Jimmy was born in Texas, grew up nominally Protestant, but at age 20 experienced a profound conversion to Christ. Planning on becoming a Protestant pastor or seminary professor, he started an intensive study of the Bible. But the more he immersed himself in Scripture the more he found to support the Catholic faith. Eventually, he entered the Catholic Church. His conversion story, “A Triumph and a Tragedy,” is published in Surprised by Truth. Besides being an author, Jimmy is the Senior Apologist at Catholic Answers, a contributing editor to Catholic Answers Magazine, and a weekly guest on “Catholic Answers Live.”
If he did then, as an apologist, I’d be severely annoyed.
But wait! Could this be yet another case of people taking the pope out of context?
Yes. Yes it can.
And it is.
Here are 9 things to know and share . . .
1) What’s being claimed?
It’s being claimed that Pope Francis said the Church doesn’t need apologists or crusaders.
2) Where did he allegedly say this?
In a speech to the Congregation for Bishops.
It isn’t yet online in English, but it’s in Italian here.
3) What did he say?
According to the Washington Post:
He exhorted them to find “authentic” pastors who display “professionalism, service and holiness of life.”
Bishops, he continued, should be “guardians of doctrine, not to measure how far the world lives from the truth it contains, but to fascinate the world, to enchant the world with the beauty of love, to seduce it with the free gift of the Gospel.”
“The church doesn’t need apologists for their own agendas or crusaders for their own battles,” he added, “but humble and faithful sowers of the truth.”
4) Why is that not a diss on apologists?
Because he wasn’t talking about apologists. He was talking about bishops.
Specifically, he was talking about the attitude that bishops should bring to their jobs.
He said that bishops should be “humble and faithful sowers of the truth” rather than “apologists for their own agendas” or “crusaders for their own battles.”
In other words, they should focus on sowing the truth rather than getting caught up in personal agendas.
5) Has that sentence been translated another way?
Yeah. As you’ll see it in some places, it’s been translated:
The Church does not need apologists for her causes or crusaders for her battles, but humble and trusting sowers of the truth, who know that it is always given to them anew and trust in its power.
The difference is whether the “causes/agendas” and “battles” are those of the bishops or the Church.
The Italian original is:
La Chiesa non ha bisogno di apologeti delle proprie cause né di crociati delle proprie battaglie, ma di seminatori umili e fiduciosi della verità, che sanno che essa è sempre loro di nuovo consegnata e si fidano della sua potenza.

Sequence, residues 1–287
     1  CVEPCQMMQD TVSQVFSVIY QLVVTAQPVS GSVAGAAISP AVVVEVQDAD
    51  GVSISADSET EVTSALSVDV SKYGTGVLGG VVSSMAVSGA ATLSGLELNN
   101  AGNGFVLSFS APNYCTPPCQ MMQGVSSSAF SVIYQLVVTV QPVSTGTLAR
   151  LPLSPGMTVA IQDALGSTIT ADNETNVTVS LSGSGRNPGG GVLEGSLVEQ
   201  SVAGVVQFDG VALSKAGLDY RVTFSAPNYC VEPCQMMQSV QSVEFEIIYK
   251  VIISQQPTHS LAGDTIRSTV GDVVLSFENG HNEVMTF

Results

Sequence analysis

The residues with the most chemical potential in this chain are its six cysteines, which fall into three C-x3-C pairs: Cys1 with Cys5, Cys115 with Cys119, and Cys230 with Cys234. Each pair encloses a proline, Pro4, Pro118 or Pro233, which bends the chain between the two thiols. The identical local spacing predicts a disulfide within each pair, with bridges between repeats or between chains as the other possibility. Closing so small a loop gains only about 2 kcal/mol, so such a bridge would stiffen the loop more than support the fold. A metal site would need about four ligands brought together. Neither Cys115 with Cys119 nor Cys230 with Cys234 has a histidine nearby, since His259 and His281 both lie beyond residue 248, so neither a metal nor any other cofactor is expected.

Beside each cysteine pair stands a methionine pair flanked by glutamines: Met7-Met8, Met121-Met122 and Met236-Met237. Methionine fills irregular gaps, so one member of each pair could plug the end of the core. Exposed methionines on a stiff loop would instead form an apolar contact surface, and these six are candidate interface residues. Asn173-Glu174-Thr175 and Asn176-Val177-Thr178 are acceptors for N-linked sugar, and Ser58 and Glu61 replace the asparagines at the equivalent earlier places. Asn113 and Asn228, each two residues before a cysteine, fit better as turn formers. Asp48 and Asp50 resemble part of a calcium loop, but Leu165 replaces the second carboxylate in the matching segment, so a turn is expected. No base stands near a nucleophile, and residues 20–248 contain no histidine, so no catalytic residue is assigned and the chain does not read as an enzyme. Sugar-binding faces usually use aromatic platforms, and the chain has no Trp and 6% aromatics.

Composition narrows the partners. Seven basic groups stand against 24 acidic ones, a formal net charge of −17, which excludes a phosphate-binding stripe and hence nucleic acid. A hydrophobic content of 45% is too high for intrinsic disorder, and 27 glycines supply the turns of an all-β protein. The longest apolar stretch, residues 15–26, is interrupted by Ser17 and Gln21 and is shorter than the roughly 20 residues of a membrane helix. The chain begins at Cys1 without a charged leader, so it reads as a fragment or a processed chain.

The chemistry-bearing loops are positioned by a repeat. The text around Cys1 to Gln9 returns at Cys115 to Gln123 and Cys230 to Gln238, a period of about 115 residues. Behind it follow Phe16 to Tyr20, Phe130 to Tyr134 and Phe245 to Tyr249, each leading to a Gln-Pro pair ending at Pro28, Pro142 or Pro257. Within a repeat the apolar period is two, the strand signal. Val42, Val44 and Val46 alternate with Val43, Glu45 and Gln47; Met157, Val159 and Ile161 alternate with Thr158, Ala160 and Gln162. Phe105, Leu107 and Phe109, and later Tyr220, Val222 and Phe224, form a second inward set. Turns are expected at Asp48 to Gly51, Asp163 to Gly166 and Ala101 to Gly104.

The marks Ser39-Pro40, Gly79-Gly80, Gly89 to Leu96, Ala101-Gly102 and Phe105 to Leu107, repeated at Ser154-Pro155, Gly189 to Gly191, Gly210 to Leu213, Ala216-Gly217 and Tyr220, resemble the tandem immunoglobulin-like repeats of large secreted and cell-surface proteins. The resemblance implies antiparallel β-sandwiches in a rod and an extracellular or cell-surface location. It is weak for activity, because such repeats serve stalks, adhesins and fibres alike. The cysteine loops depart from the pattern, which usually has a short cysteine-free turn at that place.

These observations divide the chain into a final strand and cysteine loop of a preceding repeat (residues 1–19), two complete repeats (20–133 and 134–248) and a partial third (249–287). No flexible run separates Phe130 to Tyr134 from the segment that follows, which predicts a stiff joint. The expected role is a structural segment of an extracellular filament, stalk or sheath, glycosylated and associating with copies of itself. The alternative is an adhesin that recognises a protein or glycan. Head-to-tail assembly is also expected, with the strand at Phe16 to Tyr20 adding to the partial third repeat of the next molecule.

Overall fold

Either way, he’s not talking about apologists. He’s talking about bishops who act like apologists for particular causes.
6) Don’t apologists defend the faith? What is this talk about “causes” or “agendas”?
The word “apologist” is used more than one way. In some circles, it’s used to refer to a person who defends the faith, but it also has other uses.
For example, if you watch political shows, you will often hear the word “apologist” being used (negatively) for a person who defends a particular political cause (often to the point of using deception).
Here Pope Francis is using the term in something like the latter sense: a person who defends a cause or agenda with great zeal, not a person who defends the faith.
He’s using the word “crusader” the same way. He’s not talking about the guys who put on chainmail and sailed for the holy land. He’s using it the way people today talk about a “crusading activist.”
7) So what’s he really saying?
He’s saying that the Church needs bishops who are focused on humbly spreading the truth—not agenda-driven activists.
8) Can you offer evidence that Pope Francis supports apologetics?
Sure. He’s talked about the importance of defending the faith any number of times:
The word “Confirmation” then reminds us that this Sacrament brings an increase and deepening of baptismal grace: it unites us more firmly to Christ, it renders our bond with the Church more perfect, and it gives us a special strength of the Holy Spirit to spread and defend the faith… to confess the name of Christ boldly, and never to be ashamed of his Cross [General Audience, January 29, 2014].
How many of you pray for Christians who are being persecuted? How many? Everyone respond in you heart. Do I pray for my brother, for my sister who is in difficulty because they confess and defend their faith? It is important to look beyond our own boundaries, to feel that we are Church, one family in God! [General Audience, 25 September 2013].
9) I won’t believe he’s not dissing apologists unless you show me a quotation where he actually uses the word “apologetics” in a positive sense! Can you do that?
Proclaiming the Gospel message to different cultures also involves proclaiming it to professional, scientific and academic circles. This means an encounter between faith, reason and the sciences with a view to developing new approaches and arguments on the issue of credibility, a creative apologetics which would encourage greater openness to the Gospel on the part of all [Evangelii Gaudium 132].
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